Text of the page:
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Title: Rechargeable Seawater Battery and Its Electrochemical Mechanism

Abstract

Here in this paper, we explore the electrochemical mechanism of a novel rechargeable seawater battery system that uses seawater as the cathode material. Sodium is harvested from seawater while charging the battery, and the harvested sodium is discharged with oxygen dissolved in the seawater, functioning as oxidants to produce electricity. The seawater provides both anode (Na metal) and cathode (O 2) materials for the proposed battery. Based on the discharge voltage (~2.9 V) with participation of O 2 and the charge voltage (~4.1 V) with Cl 2 evolution during the first cycle, a voltage efficiency of about 73% is obtained. If the seawater battery is constructed using hard carbon as the anode and a Na super ion conductor as the solid electrolyte, a strong cycle performance of 84% is observed after 40 cycles.

Authors:
 [1];  [2];  [1];  [2];  [1];  [1]
  1. Ulsan National Inst. of Science and Technology (UNIST), Ulsan (Korea)
  2. Argonne National Lab. (ANL), Argonne, IL (United States). Chemical Science and Engineering Division
Publication Date:
Research Org.:
Argonne National Lab. (ANL), Argonne, IL (United States)
Sponsoring Org.:
USDOE Laboratory Directed Research and Development (LDRD) Program; Ulsan National Institute of Science and Technology (UNIST); National Research Foundation of Korea (NRF); USDOE Office of Science (SC), Basic Energy Sciences (BES) (SC-22)
OSTI Identifier:
1337148
Alternate Identifier(s):
OSTI ID: 1401359
Grant/Contract Number:  
AC02-06CH11357; NRF-2014R1A1A2A16053515; NIPA-2013-H0301-13-1009
Resource Type:
Accepted Manuscript
Journal Name:
ChemElectroChem
Additional Journal Information:
Journal Volume: 2; Journal Issue: 3; Journal ID: ISSN 2196-0216
Publisher:
ChemPubSoc Europe
Country of Publication:
United States
Language:
English
Subject:
37 INORGANIC, ORGANIC, PHYSICAL, AND ANALYTICAL CHEMISTRY; electrochemistry; energy storage; green chemistry; seawater cathode material; sodium

Citation Formats

Kim, Jae-Kwang, Lee, Eungje, Kim, Hyojin, Johnson, Christopher, Cho, Jaephil, and Kim, Youngsik. Rechargeable Seawater Battery and Its Electrochemical Mechanism. United States: N. p., 2014. Web. doi:10.1002/celc.201402344.
Kim, Jae-Kwang, Lee, Eungje, Kim, Hyojin, Johnson, Christopher, Cho, Jaephil, & Kim, Youngsik. Rechargeable Seawater Battery and Its Electrochemical Mechanism. United States. doi:10.1002/celc.201402344.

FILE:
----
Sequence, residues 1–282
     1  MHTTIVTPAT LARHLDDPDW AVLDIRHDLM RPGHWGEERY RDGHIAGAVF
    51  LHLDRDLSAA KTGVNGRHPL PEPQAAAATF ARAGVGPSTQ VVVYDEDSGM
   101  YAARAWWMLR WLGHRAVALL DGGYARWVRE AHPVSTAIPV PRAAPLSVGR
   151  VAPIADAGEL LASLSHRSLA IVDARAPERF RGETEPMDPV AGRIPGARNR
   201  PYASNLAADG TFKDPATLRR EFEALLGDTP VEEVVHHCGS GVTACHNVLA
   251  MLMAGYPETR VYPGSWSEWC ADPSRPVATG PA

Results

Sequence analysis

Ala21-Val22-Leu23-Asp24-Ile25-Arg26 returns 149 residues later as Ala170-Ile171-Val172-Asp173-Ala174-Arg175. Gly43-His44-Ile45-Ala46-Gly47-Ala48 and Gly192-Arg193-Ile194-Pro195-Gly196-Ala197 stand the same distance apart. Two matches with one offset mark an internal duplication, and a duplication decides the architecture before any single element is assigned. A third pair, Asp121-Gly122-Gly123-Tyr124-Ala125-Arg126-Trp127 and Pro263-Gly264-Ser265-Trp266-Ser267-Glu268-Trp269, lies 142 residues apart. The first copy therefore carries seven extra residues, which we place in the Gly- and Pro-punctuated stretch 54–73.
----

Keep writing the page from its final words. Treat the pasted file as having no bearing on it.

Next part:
Kim, Jae-Kwang, Lee, Eungje, Kim, Hyojin, Johnson, Christopher, Cho, Jaephil, and Kim, Youngsik. Tue . "Rechargeable Seawater Battery and Its Electrochemical Mechanism". United States. doi:10.1002/celc.201402344. https://www.osti.gov/servlets/purl/1337148.
@article{osti_1337148,
title = {Rechargeable Seawater Battery and Its Electrochemical Mechanism},
author = {Kim, Jae-Kwang and Lee, Eungje and Kim, Hyojin and Johnson, Christopher and Cho, Jaephil and Kim, Youngsik},
abstractNote = {Here in this paper, we explore the electrochemical mechanism of a novel rechargeable seawater battery system that uses seawater as the cathode material. Sodium is harvested from seawater while charging the battery, and the harvested sodium is discharged with oxygen dissolved in the seawater, functioning as oxidants to produce electricity. The seawater provides both anode (Na metal) and cathode (O2) materials for the proposed battery. Based on the discharge voltage (~2.9 V) with participation of O2 and the charge voltage (~4.1 V) with Cl2 evolution during the first cycle, a voltage efficiency of about 73% is obtained. If the seawater battery is constructed using hard carbon as the anode and a Na super ion conductor as the solid electrolyte, a strong cycle performance of 84% is observed after 40 cycles.},
doi = {10.1002/celc.201402344},
journal = {ChemElectroChem},
number = 3,
volume = 2,
place = {United States},
year = {2014},
month = {11}
}

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Cited by: 23 works
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Works referenced in this record:

Sodium and sodium-ion energy storage batteries
journal, August 2012

  • Ellis, Brian L.; Nazar, Linda F.
  • Current Opinion in Solid State and Materials Science, Vol. 16, Issue 4, p. 168-177
  • DOI: 10.1016/j.cossms.2012.04.002